Gordon Alexander is a local masters runner who recently won the Austin Fit Magazine Distance Challenge half marathon track with a cumulative time of 6:02:44. Alexander is also one of AFM’s open invitational participants in the upcoming 2012 AFM FITTEST presented by Nexersys. He recently fielded questions from AFM on running, training, and taking on the FITTEST.
Q: How long have you been running? Tell a little bit about your history (how you got started, whether you ran for any schools, etc.).
A: I ran cross-country and track in high school, but hated track so much that I quit the team in my senior year and swore I would never run again. In 2006, I joined a group that was training for the Texas Round-up 10k, where my training consisted of jogging three miles every other week. With that minimal training, I was able to finish the 10k in 46 minutes, so I thought I might be a good runner if I trained more seriously. Later that year, I started training with a couple of more advanced training groups.
Q: Have you ever done the Distance Challenge before or was this your first time? (If you’ve done it before, tell us a bit about when and how many times. If not, what made you decide to do it this year?)
A: I have run the Distance Challenge half track the past three years and was the overall winner the first two times.
Q: Your times from the races were 37:41 (IBM Uptown Classic 10K), 1:06:38 (Run for the Water 10-miler), 1:27:27 (Decker Challenge Half Marathon), 1:25:29 (3M Half Marathon), and 1:25:29 (LiveStrong Austin Half Marathon). Are these representative times? What are your PRs? I can’t help but notice how consistent your half times are, despite the variety of the courses; there are only SECONDS different between 3M and Austin—I’m impressed and amazed!!
A: My overall time for the Challenge was about the same as last year. I got injured right before the Run for the Water and was slower than usual in that race, but recovered by Decker and was in pretty good shape by Austin, where I was able to finish in the same time as 3M even though Austin is a much more difficult course. I was much faster in 2010, when I ran PRs at every distance, including 37:08 at IBM, 1:04:01 at the Run for the Water, and 1:22:31 at 3M.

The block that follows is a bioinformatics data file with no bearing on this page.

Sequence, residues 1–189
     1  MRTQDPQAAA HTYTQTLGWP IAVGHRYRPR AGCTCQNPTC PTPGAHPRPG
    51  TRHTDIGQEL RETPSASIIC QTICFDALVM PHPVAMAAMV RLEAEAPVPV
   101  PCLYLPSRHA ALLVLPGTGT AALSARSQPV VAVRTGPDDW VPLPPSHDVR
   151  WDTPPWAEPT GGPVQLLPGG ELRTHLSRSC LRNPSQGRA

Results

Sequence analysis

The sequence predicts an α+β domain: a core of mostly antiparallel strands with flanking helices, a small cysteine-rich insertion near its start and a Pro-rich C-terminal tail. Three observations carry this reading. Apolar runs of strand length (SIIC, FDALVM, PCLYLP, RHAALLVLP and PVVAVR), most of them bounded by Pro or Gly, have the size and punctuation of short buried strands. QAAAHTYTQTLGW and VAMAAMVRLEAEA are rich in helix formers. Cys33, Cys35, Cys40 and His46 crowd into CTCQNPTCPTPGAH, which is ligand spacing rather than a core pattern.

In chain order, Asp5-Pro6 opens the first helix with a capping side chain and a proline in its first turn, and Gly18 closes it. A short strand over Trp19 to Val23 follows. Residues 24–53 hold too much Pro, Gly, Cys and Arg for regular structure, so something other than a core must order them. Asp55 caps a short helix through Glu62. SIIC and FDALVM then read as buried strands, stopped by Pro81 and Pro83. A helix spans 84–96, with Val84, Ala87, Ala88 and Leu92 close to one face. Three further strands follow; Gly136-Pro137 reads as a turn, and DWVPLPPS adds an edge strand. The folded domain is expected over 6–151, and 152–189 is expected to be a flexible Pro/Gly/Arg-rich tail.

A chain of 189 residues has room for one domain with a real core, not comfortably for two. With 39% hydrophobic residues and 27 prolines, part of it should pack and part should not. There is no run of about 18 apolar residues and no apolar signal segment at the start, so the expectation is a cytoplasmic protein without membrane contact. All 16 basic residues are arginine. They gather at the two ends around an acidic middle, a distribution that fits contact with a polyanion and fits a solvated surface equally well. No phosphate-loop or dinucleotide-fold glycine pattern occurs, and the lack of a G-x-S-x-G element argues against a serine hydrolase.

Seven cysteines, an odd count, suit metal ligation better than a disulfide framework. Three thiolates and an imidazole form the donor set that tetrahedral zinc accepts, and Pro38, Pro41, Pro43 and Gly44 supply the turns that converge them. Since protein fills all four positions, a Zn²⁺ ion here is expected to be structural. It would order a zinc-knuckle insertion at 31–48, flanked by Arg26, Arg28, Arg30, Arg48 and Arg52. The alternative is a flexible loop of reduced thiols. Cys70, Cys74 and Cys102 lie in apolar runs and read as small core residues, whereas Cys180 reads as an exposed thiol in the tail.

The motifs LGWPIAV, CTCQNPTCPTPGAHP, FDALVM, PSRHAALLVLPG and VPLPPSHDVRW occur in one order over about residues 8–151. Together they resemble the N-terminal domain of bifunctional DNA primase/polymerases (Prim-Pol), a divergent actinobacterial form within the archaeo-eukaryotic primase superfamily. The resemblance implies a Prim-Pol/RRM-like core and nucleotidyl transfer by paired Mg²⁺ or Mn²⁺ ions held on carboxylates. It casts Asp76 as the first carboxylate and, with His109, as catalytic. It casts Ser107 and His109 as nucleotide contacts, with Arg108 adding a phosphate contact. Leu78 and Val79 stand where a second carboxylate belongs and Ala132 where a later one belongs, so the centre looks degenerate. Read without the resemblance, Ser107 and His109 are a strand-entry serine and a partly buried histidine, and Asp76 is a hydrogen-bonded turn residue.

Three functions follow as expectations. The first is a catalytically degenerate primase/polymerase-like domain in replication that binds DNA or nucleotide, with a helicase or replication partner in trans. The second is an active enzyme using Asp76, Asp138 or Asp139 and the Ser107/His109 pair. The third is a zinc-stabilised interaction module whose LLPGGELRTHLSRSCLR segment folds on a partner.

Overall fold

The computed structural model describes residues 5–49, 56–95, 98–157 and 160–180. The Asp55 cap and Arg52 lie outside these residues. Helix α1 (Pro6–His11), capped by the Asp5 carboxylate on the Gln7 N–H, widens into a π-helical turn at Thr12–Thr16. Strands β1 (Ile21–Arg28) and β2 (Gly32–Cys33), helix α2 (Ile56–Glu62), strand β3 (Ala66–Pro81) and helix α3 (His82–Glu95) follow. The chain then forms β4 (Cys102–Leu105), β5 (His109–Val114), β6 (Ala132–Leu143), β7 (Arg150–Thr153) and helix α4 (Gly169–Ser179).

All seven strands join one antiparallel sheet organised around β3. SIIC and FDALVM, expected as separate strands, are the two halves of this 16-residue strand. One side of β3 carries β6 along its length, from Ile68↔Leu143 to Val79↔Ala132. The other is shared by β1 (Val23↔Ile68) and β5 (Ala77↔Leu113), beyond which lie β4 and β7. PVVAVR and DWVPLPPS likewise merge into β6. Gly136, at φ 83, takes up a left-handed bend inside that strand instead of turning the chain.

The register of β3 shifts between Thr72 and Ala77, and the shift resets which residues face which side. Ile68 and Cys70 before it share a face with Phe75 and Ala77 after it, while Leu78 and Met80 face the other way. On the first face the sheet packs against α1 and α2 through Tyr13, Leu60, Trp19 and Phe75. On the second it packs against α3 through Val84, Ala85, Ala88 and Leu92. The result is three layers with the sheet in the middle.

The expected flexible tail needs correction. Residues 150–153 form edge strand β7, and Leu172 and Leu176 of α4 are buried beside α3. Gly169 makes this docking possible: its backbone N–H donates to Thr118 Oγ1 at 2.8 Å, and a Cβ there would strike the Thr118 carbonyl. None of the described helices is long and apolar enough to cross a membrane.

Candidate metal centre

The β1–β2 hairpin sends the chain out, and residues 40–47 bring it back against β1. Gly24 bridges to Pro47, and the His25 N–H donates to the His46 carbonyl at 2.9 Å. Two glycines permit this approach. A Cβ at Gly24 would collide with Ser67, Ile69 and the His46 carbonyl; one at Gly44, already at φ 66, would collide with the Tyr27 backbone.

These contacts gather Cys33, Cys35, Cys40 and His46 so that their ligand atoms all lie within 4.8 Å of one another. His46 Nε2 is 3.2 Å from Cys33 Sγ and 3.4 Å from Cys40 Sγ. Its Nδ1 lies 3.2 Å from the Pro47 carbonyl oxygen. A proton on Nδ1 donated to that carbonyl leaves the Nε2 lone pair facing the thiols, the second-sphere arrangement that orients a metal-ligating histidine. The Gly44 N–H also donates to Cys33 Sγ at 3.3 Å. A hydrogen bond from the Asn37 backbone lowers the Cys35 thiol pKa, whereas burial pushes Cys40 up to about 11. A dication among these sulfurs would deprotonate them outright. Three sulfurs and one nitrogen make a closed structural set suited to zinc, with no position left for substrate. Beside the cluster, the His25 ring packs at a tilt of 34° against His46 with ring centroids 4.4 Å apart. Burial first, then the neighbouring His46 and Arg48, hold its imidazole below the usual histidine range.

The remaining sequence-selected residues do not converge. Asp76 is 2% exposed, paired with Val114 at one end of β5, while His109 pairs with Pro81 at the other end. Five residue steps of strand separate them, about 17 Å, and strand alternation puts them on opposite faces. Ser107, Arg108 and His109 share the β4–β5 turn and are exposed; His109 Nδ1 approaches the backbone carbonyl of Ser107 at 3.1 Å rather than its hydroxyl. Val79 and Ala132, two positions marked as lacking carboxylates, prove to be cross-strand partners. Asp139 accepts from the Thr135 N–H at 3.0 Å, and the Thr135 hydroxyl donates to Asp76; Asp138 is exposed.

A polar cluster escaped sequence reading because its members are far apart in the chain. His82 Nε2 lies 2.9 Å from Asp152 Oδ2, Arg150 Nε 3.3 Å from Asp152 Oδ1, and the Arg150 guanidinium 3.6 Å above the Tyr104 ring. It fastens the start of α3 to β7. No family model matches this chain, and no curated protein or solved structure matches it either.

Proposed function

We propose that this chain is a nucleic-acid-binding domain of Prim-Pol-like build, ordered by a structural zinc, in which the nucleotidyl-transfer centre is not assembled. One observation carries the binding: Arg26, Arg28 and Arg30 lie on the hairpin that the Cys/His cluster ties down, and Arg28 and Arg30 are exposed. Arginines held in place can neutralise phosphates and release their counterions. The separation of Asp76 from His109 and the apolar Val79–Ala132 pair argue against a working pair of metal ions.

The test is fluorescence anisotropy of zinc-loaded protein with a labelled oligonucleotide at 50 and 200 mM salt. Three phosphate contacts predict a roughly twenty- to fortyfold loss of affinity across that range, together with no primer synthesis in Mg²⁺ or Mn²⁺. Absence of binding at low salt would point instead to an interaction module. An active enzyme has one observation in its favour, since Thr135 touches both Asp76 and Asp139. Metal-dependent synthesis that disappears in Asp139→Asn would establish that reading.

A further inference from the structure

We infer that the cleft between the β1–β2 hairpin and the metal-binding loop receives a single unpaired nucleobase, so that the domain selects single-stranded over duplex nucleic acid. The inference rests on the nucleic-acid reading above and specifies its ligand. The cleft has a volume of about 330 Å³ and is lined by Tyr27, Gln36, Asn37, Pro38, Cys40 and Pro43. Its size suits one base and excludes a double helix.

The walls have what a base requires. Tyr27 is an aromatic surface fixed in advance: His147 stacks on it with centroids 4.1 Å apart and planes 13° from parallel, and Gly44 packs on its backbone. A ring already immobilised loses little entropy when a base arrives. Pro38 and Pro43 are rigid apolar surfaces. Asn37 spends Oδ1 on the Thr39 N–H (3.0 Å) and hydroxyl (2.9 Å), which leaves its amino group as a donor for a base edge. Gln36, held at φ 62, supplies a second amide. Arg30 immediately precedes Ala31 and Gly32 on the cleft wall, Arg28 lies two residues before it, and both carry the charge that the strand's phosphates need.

Q: What kind of training do you do? (We talked about this a bit on the phone, but please elaborate so I get your words.)
A: I usually run 7 miles Tuesday at 6 a.m. and 3.5 miles Wednesday at 6 p.m. with Luke’s Locker, and sometimes with Al’s Ship of Fools on Thursday or Saturday. I usually try to do a longer run on the weekend. I only run about 20 miles a week most of the year, but try to increase to over 30 during the Distance Challenge, since the races are longer.
Q: Do you do any cross training? If so, what kind?
A: I do some core training, spinning and water running. I don’t have a car, so I walk, run or bike almost everywhere I go, which adds up to a lot of exercise.
Q: What made you decide to take on the 2012 AFM FITTEST? Why’d you say “yes” to the invitation to participate?
A: I couldn’t imagine passing up the invitation to participate. It sounds like it will be a lot of fun.
Q: Which of the ten FITTEST events do you think will be your best? (tests are up at afmfittest.com)
A: I assume the 1-mile run will be my best event, since it’s the only event out of the ten that I train for.
Q: Which of the ten FITTEST events do you think will be the most challenging for you?
A: Pull-ups and burpees will be a challenge, as I have an old injury that makes activities that put a lot of stress on the wrist difficult.
Q: What are your next running events?
A: The Austin 10/20 on 4/15, Texas Round-Up 5k on 4/28, Chuy’s 5k on 5/5.
Q: Any special running story (funny, serious, otherwise) that shows a little of who you are or the way you approach your running?
A: When I was 16, I went for a run with a friend of mine who was training for a marathon. I thought we were doing 12 miles, but about halfway through the run, he said he’d decided to do 18 that day. When that run was over, my knees hurt so much that I swore I’d never run that far again, and would definitely not consider running a marathon. I quit competitive running shortly after that, and when I started running again, I decided that I wouldn’t run farther than 10k until I became a good 10k runner, as I have an aversion to high-mileage training. In 2009, the Distance Challenge offered the half-track option for the first time, and I ran a 37:21 at IBM, so I decided it was finally time for me to participate in the Challenge. By the end of the series, I ended up winning my age group in the Austin half marathon and winning the Distance Challenge. After three Distance Challenges, I still avoid high-mileage training and do not enjoy races longer than 10k.
Thanks so much for agreeing to being profiled, and I look forward to meeting you.